SACP from polycrystalline TiAl

ECC images of TiAl

Figure 1: SACP from polycrystalline g-TiAl. The cross indicates the approximate microscope axis.

Figure 2: ECC images of a deformed grain of g-TiAl taken under the contrast conditions in fig. 1. Note the dislocations appearing as bright and dark specks in b.

The grey level of the background in the image corresponds to the grey level along the beam direction in the SACP. Note that for the low magnification image (fig. 2a), the beam rock due to the scanning action is sufficient to move the beam position far enough off the microscope axis to change the background grey level. At low enough magnification this is seen as a small portion of the channeling pattern. (In fig. 2a the channeling pattern fragment is inverted and rotated relative to the SACP. This is due to the difference in electron optics used between the two modes.)

Copyright 2001 Benjamin Andrew Simkin

REFERENCES

 

1.

Electron-channelling imaging in scanning electron microscopy
P.Morin, M.Pitaval,D.Besnard,G.Fontaine, Philosophical Magazine A, 40, 4, pp. 511-524 (1979)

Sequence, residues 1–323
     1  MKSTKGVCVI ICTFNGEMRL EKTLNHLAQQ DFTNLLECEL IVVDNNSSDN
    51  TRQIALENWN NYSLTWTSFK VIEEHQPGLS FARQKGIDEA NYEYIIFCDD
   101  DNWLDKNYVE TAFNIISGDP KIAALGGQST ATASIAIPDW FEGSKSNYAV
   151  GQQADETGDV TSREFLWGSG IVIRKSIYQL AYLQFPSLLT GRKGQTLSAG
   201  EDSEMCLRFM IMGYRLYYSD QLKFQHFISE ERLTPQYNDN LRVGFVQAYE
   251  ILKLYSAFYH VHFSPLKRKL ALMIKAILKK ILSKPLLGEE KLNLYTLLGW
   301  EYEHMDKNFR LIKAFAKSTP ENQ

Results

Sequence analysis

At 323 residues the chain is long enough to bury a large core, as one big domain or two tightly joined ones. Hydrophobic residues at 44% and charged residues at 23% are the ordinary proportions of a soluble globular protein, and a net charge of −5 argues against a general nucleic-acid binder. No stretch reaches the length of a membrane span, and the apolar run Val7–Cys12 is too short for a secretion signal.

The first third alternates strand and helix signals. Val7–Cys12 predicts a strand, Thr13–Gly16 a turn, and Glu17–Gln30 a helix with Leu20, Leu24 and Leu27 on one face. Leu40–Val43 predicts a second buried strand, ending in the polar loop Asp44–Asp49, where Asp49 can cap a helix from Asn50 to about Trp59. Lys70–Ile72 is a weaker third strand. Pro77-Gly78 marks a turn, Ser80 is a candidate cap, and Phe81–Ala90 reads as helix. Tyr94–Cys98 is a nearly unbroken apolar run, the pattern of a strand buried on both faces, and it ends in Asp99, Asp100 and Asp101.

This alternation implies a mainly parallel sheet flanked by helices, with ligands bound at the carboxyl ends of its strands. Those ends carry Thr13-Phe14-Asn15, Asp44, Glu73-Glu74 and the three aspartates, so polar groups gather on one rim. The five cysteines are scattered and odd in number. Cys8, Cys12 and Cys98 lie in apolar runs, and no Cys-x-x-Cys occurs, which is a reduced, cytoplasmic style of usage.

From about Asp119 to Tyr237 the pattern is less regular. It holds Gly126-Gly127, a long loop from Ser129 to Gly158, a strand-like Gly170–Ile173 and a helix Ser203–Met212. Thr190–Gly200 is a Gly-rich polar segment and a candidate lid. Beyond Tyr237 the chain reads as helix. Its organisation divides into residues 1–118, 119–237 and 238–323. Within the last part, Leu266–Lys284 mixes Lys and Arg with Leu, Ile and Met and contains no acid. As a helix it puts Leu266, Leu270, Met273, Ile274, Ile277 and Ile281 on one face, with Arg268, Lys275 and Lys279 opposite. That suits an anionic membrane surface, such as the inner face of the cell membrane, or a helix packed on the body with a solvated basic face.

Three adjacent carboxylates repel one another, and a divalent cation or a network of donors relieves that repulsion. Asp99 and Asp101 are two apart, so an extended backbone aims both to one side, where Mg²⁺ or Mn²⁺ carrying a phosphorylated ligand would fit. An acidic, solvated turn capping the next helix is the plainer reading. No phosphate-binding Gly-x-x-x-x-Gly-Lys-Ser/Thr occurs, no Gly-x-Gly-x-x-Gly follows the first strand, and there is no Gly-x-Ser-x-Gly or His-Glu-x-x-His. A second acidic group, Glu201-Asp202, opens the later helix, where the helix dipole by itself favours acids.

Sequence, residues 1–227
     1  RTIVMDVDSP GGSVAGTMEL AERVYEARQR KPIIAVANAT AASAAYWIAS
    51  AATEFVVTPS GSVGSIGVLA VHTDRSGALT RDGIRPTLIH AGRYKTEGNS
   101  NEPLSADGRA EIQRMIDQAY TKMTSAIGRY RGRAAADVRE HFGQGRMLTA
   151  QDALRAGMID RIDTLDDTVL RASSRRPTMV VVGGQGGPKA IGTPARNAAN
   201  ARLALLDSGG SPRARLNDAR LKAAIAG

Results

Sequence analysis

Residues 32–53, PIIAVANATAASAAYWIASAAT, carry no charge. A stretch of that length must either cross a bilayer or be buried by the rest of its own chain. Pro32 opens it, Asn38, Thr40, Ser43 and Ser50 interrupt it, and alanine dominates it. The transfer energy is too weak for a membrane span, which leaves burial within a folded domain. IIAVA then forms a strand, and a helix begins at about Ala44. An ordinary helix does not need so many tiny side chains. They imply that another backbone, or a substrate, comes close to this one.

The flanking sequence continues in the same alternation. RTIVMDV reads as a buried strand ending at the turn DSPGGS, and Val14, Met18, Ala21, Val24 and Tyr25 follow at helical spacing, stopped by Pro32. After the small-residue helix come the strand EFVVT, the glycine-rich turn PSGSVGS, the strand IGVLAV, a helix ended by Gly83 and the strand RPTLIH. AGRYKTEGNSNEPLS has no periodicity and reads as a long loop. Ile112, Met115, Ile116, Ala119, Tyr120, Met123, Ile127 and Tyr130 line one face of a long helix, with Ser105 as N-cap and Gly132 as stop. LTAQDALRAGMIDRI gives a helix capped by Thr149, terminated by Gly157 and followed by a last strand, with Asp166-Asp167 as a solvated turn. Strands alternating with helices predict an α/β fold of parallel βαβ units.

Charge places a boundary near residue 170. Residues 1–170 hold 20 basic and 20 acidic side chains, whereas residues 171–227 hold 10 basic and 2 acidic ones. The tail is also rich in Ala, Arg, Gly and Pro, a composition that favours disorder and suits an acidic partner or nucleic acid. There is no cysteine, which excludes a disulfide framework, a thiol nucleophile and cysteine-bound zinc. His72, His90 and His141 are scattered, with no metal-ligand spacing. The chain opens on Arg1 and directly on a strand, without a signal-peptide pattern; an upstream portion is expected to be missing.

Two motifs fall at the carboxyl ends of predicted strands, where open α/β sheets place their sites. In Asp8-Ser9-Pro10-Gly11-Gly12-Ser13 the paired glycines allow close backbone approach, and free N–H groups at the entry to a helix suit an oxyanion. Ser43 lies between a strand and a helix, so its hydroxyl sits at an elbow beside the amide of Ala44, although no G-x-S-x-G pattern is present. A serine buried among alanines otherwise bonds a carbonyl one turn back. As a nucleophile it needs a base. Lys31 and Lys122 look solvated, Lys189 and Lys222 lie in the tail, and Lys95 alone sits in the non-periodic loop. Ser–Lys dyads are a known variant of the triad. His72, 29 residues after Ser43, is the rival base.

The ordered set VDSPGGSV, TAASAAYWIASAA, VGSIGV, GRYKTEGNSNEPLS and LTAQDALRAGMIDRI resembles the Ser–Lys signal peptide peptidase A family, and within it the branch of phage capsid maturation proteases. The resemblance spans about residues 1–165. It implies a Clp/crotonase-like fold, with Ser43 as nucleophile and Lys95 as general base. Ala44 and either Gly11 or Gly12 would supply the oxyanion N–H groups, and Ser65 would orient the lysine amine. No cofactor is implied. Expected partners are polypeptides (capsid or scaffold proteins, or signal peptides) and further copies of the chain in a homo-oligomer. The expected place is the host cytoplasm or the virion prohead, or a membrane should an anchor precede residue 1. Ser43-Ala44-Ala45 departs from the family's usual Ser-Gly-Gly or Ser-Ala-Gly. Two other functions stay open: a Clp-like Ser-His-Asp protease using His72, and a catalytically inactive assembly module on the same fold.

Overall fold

2.

Electron channelling contrast imaging of interfacial defects in strained silicon-germanium layers on silicon
A.J. Wilkinson, G.R. Anstis, J.T. Czernuszka, N.J. Long, P.B. Hirsch, Philosophical Magazine A, 68, 1, pp. 59-80 (1993)

3.

Direct Defect Imaging in the High Resolution SEM
D.C. Joy Mat. Res. Soc. Symp. Proc., 183, p. 199 (1990)

4.

Use of electron channelling contrast imaging to assess near-surface mechanical damage
B.A. Simkin, M.A. Crimp, Philosophical Magazine Letters, 80, 6, pp. 395-400 (2000)

5.

Re-Usable Vice-Style SEM Sample Holder for Pin-Mount Stages
B.A. Simkin Microscopy Today, 01-4, p. 3 (2001)

6.

An experimentally convenient configuration for electron channelling contrast imaging
B.A. Simkin, M.A. Crimp, Ultramicroscopy, 77, pp. 65-75 (1999)